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Album Review: Trisha Yearwood – Prizefighter: Hit After Hit

3 min read

One of the biggest selling female country artists of all time has finally ended her hiatus from the music industry with Prizefighter: Hit After Hit.

Trisha Yearwood has been busy living her life with country music icon and husband Garth Brooks, writing several cookbooks and even hosting her own southern-style cooking television program.

Trisha Yearwood - Prize FighterHer twelfth studio album drops in the midst of Brooks’ comeback concert tour, of which she is a part. It is part greatest hits and part new album, yet these sixteen songs are those heartbreak ballads she is most well known for and somehow all gel together quite well.

Debut single She’s In Love With the Boy marked Yearwood’s first Billboard Country Number One, thanks to its cheerful swing, poetic piano, quality songwriting and of course, Yearwood’s distinctively vulnerable yet self-assured vocals.

As her career progresses, listeners encounter tracks like the folky, soulful and intricately arranged Wrong Side of Memphis and her duet with the Eagles’ Don Henley Walkaway Joe (whose video features Matthew McConaughey), an understated yet stunning piano ballad that recalls Joni Mitchell’s Blue. There is also the sickly sweet, summery melody of XXX’s and OOO’s (Yearwood’s second Billboard Country Number One).

In Another’s Eyes may be a pre-marriage duet with Brooks, yet the musical chemistry is already palpable on the recording. The two duet partners achingly yearn for each other in their vocals as equals on this emotional track about how blind love is both ‘a blessing and a curse’.

Who can forget the karaoke essential and classic country-pop ballad How Do I Live for the soundtrack to Con Air? LeAnn Rimes’ original may have been successful, but it is juvenile compared to Yearwood’s re-recording that maturely captures the nuances and pathos in Diane Warren’s melody and words.

Georgia Rain (Garth Brooks on backing vocals) is undoubtedly Yearwood’s Desperado. The epic, classy piano and orchestral ballad sensually sweeps listeners away in the sumptuousness of her voice and innuendo (as Yearwood can’t decide whether ‘the heart in my chest or the hood of that Ford’ beat faster). The atmospheric, reflective The Song Remembers When comes close however, as it is the perfect soundtrack for watching clouds go by above barren country plains.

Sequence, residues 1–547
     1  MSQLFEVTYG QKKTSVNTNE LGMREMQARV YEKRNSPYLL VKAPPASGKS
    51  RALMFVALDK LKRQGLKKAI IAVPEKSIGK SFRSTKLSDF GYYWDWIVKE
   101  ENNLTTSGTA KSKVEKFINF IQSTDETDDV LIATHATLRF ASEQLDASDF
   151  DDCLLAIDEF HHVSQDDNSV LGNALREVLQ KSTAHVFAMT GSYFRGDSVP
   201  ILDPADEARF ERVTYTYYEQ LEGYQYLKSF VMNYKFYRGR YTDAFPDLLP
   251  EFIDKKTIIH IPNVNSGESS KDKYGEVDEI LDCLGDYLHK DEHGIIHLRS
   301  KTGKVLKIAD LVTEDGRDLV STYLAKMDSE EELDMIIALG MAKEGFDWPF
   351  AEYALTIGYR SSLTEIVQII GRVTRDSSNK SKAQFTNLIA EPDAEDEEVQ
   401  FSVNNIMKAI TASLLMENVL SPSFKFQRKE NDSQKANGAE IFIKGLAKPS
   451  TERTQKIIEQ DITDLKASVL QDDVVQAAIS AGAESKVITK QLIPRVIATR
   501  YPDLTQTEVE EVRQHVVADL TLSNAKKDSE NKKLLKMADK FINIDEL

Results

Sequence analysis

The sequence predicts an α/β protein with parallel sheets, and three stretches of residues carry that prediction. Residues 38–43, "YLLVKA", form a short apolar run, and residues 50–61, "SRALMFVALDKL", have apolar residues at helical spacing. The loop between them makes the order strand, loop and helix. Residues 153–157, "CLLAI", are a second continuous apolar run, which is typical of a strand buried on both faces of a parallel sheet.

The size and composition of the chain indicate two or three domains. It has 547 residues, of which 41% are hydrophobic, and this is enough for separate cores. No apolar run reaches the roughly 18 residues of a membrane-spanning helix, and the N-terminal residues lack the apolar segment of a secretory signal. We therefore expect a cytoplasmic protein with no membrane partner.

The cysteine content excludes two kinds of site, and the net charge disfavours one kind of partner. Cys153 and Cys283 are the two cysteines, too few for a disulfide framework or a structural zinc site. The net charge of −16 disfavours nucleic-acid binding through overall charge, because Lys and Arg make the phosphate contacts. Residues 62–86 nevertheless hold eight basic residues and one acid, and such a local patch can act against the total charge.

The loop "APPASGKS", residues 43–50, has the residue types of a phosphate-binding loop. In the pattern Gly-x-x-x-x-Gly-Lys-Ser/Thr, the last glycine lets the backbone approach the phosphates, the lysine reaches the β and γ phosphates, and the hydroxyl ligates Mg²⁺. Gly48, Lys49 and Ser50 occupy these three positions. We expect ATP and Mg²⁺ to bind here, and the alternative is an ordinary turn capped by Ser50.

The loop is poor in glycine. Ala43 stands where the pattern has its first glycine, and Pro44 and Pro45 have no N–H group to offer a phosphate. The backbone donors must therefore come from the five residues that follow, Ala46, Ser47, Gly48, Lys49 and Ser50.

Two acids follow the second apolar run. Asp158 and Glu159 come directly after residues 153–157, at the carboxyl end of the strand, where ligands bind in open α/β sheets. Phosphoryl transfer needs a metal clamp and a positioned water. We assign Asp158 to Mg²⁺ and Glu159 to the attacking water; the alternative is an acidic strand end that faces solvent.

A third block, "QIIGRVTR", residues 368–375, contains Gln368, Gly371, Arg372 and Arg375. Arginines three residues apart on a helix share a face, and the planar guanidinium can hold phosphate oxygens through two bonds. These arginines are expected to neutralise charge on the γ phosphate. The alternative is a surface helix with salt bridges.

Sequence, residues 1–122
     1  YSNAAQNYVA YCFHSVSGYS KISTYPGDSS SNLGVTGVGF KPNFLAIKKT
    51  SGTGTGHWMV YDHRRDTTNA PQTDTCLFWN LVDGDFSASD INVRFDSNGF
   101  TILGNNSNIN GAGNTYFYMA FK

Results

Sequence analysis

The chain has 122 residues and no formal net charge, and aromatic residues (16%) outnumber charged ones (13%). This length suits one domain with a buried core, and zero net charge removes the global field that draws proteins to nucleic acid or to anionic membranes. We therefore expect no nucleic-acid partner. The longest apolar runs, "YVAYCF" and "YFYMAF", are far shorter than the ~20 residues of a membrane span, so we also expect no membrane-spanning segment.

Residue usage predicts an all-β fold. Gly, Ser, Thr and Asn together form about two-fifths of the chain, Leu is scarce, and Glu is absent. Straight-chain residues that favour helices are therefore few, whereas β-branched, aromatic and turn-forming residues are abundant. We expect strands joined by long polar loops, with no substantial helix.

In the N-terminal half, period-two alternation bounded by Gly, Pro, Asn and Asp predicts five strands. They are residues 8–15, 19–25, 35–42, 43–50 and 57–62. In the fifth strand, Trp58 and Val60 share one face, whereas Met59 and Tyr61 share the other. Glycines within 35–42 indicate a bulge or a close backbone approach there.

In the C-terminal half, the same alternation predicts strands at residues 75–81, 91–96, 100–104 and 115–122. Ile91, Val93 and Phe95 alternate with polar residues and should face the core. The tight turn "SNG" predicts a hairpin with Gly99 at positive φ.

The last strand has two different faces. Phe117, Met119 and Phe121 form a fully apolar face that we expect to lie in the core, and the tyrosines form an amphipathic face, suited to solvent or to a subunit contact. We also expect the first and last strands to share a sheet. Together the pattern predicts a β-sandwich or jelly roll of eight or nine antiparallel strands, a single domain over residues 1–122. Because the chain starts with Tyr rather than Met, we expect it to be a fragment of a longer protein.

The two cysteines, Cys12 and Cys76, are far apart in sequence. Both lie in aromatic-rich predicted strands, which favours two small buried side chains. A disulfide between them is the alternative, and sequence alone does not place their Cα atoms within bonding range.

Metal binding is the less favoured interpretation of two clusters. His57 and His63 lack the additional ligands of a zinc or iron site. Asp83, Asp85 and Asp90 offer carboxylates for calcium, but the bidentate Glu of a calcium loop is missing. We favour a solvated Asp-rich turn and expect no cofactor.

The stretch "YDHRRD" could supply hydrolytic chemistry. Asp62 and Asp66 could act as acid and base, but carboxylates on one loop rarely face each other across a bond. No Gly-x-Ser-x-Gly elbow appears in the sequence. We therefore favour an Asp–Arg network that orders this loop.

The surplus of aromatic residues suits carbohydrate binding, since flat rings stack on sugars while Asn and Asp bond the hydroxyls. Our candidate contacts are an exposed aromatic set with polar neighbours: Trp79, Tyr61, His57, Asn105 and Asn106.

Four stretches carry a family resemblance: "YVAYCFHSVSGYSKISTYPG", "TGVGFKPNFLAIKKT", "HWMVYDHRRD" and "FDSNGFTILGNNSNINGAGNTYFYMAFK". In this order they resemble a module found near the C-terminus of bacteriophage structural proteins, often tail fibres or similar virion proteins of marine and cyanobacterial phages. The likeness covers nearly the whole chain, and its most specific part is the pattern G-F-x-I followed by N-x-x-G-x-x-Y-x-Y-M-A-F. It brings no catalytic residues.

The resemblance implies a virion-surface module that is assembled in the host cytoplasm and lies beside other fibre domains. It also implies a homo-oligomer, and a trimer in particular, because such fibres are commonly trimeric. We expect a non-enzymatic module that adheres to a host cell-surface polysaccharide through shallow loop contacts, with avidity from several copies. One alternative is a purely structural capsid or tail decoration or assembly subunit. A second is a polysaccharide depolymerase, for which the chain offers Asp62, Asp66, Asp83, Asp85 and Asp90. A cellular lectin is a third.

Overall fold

By contrast to the earlier singles, the title track to previous album Heaven, Heartache and the Power of Love is a raucous, lighthearted affair complete with banjo, crazy organs and Yearwood’s untarnished belting at the end.

The new songs more than stand up on their own and show Yearwood’s voice in fine form. Opener Prizefighter injects some fighting spirit into the compilation, with competitive yet complementary harmonies and duet partner Kelly Clarkson almost stealing the show at the end. The way Yearwood’s vocals float heavenly above the velvety violins on the plaintive, beautiful I Remember You makes it clear that the song is about someone who has recently departed: Yearwood’s mother. The ironic End of the World (as Yearwood wearily mutters the title like an understatement) continues this theme, with its slow-burning chorus and pattering, raindrop-like cymbals. Nevertheless, tracks that lighten the mood include the mysterious, murderous and slinky Your Husband’s Cheatin’ On Us (which sounds like ‘The Other Woman’ in song) and the ludicrous You Can’t Trust the Weatherman.

Trisha Yearwood has pulled the right punches by mixing ten greatest hits with six quality new songs on this cohesive set. Prizefighter is therefore a definitive statement of what she is about and where she will be going next.